Introduction: Dinosaur Coat Hanger:
Our eldest son has developed a bit of a thing for dinosaurs!
We needed a new coat rack for him and his brother so what better than a dinosaur one!
There's quite a few of these online but I wanted the dinosaurs attached firmly enough that a couple of toddlers wouldn't be able to destroy them easily.
Edit: There are at least two others on Instructables! I hadn't seen them on my original search?
- This one fill the Dinosaurs with plaster to secure them: Leners
- This one is very similar to how I did it: killerjackalope
Step 1: Cut Dinosaurs in Half!
There are probably 3D printable dinosaur heads but for me the easiest way was to buy some toys and cut them in half.
I used a hacksaw to cut the dinosaurs in half. Start off further back than half way and see how it works, it's easier to cut off more if needed.
Probably best not to do it on a carpeted floor, this was just the least worst photos.
Once cut in half trim any scruffy bits with a sharp knife.
Step 2: Mounting the Dinosaurs:
There are loads of dinosaur coat racks online already but I wasn't totally convinced by the mounting methods, many were glued and a cut dinosaur edge isn't a large glue-able surface.
I got some dowel inside each body and cut to size. I removed the dowel and filled with a generous amount of hot glue and reinserted the dowel, topping up the hot glue if necessary.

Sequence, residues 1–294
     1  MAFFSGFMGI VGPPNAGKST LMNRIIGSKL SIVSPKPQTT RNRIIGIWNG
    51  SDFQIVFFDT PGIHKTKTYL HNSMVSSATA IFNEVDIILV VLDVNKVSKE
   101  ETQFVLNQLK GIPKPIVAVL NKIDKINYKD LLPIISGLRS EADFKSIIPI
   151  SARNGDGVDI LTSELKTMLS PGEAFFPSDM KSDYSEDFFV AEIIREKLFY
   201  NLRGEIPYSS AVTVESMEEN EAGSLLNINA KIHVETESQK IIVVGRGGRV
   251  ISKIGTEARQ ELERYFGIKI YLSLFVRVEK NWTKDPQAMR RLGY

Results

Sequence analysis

Then pilot a 2mm hole, a screw will be used to mount them to the backboard. I also tried all the screws before mounting, putting a screw into end grain isn't ideal so if it was going to split I wanted to know while I had everything out and ready to do a replacement.
Step 3: Paint Back Board:
This is a length of pine with the edges routed. I had done plenty as skirting board on our old house so this already had one long edge done with a Roman ogee bit. I whizzed around the other three.
I used two colors to delineate the space for the two users. I used spray paint, four light coats with 30-60 minutes to dry. The paint I have takes to wood without a primer but it's worth checking yours before starting.
For painting I masked off each side, shook the can for the required time (usually around 2 minutes) and gave reasonably light/fast coat, watching for any missed stripes. I spray off the ends to avoid puddles.
I don't have a spray booth so I take it outside put some new paper on the grass and some blocks under the board. During the colder months there's not a problem with insects but in summer I imagine the yellow would attract some.
Step 4: Layout:
With the Dinosaurs ready try laying out a few different ways to see what works. I was doing this between coats of paint, hence the masking remnants on the photos.
Once I was happy with a layout I drilled holes, I had a 4mm hole counter sunk on the back for each Dinosaur and used a 6mm hole and Forsner counter sink for the wall mount.
Step 5: Wall Mounting:
I held the board in place and marked the wall with a pencil through the mounting holes drilled during the previous step.
I was mounting onto plasterboard so used some screw-in plaster board fixings. I think they are rated for 6kg each so it should be OK unless the boys try hanging from it.
Step 6: Finished!
Finished!... sort of.
The tails seemed OK for about 2.3 seconds then looked like they would take out eyes when the kids get taller!
I'm trying to bend them over but also keeping a look out for more Dinosaur heads or some period relevant plant life to become a replacement.
Participated in the